University of Arizona a dot Cooperative Extension

Early Season Crop Management
(Publication az1217)
(PDF file version, 31KB)

by Jeffrey C. Silvertooth,
Extension Agronomist - Cotton

The approaches and techniques used to produce a cotton crop in Arizona can vary to some degree from county to county, or from farm to farm. However, one of the objectives that has become increasingly common across Arizona is that of achieving earliness with a crop. Earliness has been important at the higher elevations (over 2,000 ft. above sea level) for quite some time due to limitations in the length of the growing season for cotton. At the lower elevations, earliness has increased in importance due to a number of factors including: land/crop rotations (i.e. vegetable production), insect pest pressures (whitefly and pink bollworm), and difficulties in setting and maturing additional fruit in August due to high temperature (day and night) and high humidity conditions. Accordingly, achieving an early crop with a strong yield potential is important to all cotton producing systems across Arizona.

With early and optimum planting times, fields will commonly experience a transition from vegetative to reproductive status in a timely fashion. First fruiting branches (FFB) will ideally be set by nodes 5, 6, or 7 (about 700 heat units accumulated since planting, 86/55° F thresholds, HUAP). If these squares are retained, first blooms can be expected at about 1200 HUAP, which represents one of the first basic steps towards an early crop. It is also not uncommon to find some aborted squares in some fields, usually small squares that are dried-out and aborted at early stages of development. This type of fruit (square abortion) could be very important to recognize, if it is taking place in a given field, try to identify the cause, and correct it if at all possible.

Some important steps to take at this early and critical stage in the season would include: 1) identifying the average FFB for a field; and 2) making note of the overall fruit retention (FR) level. Identification of the FFB requires a careful inspection of a young plant using the following points: 1) the cotyledon nodes (parallel nodes at the base of the plant) = 0; 2) the FFB is usually not found before node number 5, but in some cases it can be as low as node number 4; 3) FFB occurrence on nodes 5,6, or 7 is a normal or optimal point of transition; and 4) FFB above node 7 is an early indication of a delay in fruiting, potential for vegetative growth, and a potential for loss of crop earliness potential. Differentiating between a vegetative and fruiting branch can be done by looking at the first node (bump) on the branch in question. If the branch is a fruiting branch it will have either a viable fruit (square, bloom, or boll) or an abortion scar. If the branch is smooth at the first node (no fruit and no scar), it is a vegetative branch. Vegetative branches also have a tendency to have a straight growth pattern, whereas, fruiting branches have more of a zig-zag growth pattern with slight bends at each node. For example, the plant diagram shown in Figure 1 has the first fruiting branch at node 6.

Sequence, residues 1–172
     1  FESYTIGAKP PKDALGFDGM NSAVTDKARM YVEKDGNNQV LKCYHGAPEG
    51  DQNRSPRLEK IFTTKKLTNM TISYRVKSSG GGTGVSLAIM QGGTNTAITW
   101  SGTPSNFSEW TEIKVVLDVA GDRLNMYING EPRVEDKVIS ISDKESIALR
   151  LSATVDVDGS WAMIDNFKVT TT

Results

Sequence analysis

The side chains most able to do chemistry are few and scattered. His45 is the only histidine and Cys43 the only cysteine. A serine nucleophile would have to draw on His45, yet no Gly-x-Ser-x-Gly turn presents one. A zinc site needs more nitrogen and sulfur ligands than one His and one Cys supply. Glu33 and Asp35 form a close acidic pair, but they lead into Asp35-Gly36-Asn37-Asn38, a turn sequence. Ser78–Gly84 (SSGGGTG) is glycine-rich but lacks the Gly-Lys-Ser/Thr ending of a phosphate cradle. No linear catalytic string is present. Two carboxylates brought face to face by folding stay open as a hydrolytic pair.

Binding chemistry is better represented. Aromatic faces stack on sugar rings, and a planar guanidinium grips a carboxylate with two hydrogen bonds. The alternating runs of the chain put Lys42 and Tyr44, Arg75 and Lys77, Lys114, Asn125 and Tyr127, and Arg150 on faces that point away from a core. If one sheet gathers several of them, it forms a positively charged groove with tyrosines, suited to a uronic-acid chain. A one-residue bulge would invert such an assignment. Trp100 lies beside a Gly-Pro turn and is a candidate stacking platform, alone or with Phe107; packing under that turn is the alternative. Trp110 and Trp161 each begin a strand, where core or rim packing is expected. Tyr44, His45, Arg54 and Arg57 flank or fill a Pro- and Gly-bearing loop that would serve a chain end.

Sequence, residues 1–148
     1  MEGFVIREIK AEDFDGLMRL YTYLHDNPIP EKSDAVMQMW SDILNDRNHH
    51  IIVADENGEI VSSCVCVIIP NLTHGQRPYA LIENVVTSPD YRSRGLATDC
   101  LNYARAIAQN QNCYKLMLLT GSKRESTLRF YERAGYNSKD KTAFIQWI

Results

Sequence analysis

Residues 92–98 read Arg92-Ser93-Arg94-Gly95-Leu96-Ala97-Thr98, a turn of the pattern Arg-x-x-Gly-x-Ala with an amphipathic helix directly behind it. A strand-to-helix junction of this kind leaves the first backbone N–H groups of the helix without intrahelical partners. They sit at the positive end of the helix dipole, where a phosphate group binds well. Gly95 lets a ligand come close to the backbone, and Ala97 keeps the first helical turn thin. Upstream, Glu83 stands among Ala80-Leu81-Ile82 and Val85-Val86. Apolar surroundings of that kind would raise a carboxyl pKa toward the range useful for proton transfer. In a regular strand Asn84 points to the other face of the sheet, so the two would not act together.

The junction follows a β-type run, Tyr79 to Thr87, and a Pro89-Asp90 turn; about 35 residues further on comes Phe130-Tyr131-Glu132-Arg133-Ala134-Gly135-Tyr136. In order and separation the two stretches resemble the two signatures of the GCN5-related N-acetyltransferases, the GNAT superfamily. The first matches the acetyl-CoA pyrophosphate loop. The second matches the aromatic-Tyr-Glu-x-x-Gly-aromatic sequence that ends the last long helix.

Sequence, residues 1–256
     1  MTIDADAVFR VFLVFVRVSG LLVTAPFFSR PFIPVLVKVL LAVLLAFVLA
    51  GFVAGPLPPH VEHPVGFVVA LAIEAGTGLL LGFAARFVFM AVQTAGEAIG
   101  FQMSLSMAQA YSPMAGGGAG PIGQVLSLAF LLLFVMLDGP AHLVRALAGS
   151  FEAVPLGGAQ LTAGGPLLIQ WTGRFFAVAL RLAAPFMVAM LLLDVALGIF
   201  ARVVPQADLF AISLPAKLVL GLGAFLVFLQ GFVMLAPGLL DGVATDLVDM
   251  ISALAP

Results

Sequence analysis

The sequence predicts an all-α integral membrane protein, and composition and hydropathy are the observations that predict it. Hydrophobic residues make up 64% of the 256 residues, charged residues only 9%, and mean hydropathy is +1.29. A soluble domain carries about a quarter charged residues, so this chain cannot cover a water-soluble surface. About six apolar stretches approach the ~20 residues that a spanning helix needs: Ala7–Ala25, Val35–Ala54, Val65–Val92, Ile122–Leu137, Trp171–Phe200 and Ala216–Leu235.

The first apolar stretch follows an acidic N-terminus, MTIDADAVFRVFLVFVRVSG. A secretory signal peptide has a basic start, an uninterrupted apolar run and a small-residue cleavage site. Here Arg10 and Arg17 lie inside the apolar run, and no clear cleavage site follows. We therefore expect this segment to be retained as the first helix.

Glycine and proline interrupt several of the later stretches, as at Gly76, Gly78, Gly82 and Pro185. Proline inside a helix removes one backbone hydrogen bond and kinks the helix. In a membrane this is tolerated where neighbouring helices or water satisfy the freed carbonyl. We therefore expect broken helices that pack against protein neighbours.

Estimating FR levels can be done relatively easily this time of year. Once the FFB is identified, one can simply progress up the plant, one fruiting branch at a time, and identify the number of aborted or retained fruiting forms on each branch. In our program with the University of Arizona, we use only the first position on each fruiting branch before first bloom in a field. After a field has begun to bloom we then take into account both the first and second positions on each branch for estimating FR. For example, if a field was in a pre-bloom stage of growth, such as the one in Figure 1, we could evaluate the first position squares and calculate %FR in the following manner: 1) identify FFB at node 6 (therefore, there are 5 vegetative branches); 2) if the node in the terminal has an attached leaf that is 1 inch in diameter or greater, then we count it (i.e. 8 total nodes in Figure 1); we can then count aborted or retained sites from the FFB to the top node (suppose the first position had an abortion scar on branch 6, therefore 1 aborted and 2 retained sites); divide the number of retained sites by the total number of sites counted ([2 retained sites 3 total sites counted] X 100 = 66% fruit retention). The average %FR taken from a given field can then be compared to the baseline for FR developed here in Arizona to gauge crop condition at this time.

If FR is dropping in a field, management steps to consider should include: maintain good plant-water conditions (don’t stress to try to encourage fruiting but don’t over-water either); be cautious with N fertilization (check N fertilization records and petiole NO3--N concentrations); check for insect pest infestations; and watch for vegetative growth tendencies, which may require a plant growth regulator application.

It is important to evaluate crop condition early in the season. For example, we also don’t want to go out into a field in August and realize we have a problem that may have begun back in May.

Drawing of characteristic architectural points on an early season cotton plant

Full Disclaimers

Issued in furtherance of Cooperative Extension work, acts of May 8 and June 30, 1914, in cooperation with the U.S. Department of Agriculture, James A. Christenson, Director Cooperative Extension, College of Agriculture and Life Sciences, The University of Arizona.

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Information provided by Jeffrey C. Silvertooth,
Extension Agronomist - Cotton, College of Agriculture, The University of Arizona.
Material written February 2001.

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